Thankful that he was mad at himself (not at the boy who told on him) after you talked with him. Thankful that you made a big deal about it and deducted points from his conduct sheet as well as punished him today. I'm thankful that I can send him out, away from me, and he is not just watched over, he is held up. Thank you for keeping the standard that I would myself.
It also gave me the opportunity to teach him 1 Thes. 5:22 and what the Bible says about avoiding evil. Even if he had done nothing wrong, even if his defense about not "meaning" the word in a bad way were completely true, it had the look and feel of "bad" and that's not Christ like.
I had to write a similar note for Ivan's teacher earlier this week. Not for poor language choices, thank goodness, but for repeated selfishness, which is what it usually boils down to for all of us. Oddly, I am not discouraged. I am pretty sure that God didn't give me these fellas to simply enjoy, but to build up, correct and strengthen. How can I build up, correct and strengthen, if I don't know where the flaws are?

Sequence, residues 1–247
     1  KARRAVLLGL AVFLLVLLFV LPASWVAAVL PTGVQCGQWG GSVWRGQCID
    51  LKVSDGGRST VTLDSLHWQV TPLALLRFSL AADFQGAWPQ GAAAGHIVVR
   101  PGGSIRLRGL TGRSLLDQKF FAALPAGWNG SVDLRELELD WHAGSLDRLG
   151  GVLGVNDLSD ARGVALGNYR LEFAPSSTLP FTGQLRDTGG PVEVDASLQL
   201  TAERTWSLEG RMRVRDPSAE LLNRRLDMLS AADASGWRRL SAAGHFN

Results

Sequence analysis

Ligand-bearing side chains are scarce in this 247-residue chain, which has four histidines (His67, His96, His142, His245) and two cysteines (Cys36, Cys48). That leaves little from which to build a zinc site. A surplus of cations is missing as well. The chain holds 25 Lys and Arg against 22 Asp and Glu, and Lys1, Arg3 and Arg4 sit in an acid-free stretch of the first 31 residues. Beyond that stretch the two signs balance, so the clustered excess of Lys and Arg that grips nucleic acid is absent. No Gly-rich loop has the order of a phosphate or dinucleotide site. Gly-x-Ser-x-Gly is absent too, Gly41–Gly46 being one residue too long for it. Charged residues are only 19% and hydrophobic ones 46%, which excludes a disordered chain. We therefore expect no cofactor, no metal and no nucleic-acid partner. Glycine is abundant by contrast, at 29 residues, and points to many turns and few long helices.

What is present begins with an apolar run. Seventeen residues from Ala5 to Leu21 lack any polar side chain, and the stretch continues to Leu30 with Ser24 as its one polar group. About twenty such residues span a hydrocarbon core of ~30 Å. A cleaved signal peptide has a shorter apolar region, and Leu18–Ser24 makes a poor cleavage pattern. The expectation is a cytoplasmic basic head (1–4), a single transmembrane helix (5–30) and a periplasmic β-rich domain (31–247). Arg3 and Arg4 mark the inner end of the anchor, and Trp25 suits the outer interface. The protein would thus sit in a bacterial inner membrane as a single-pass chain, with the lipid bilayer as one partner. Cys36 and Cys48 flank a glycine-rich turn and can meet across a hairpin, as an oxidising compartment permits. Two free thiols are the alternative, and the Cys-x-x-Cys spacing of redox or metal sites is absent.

Thank you again for everything you do in that classroom. I appreciate you and the school and all that goes into keeping our children safe and strong.
First, let me say I LOVE YOU!! :) Owen is the wonderful boy that he is because of the godly parents raising him!
Second, no apologize is needed because I was just happy to learn that Owen really isn't perfect!:) His little heart was crushed when we were talking about how his actions had affected his witness for Christ. It was very evident that he loves his Lord and was very sorry for his behavior.
Third, have you ever considered teaching a parenting class? You would be wonderful at it and there are some parents that could benefit from your wisdom!
Thank you for making my day through your testimony as a Christian parent! I am blessed by you every time I speak with you!
All to His glory,
P.S, Please remember that I have raised three boys and am working on the fourth one. There is nothing a boy can do that I haven't seen before!! :)
I love the "P.S."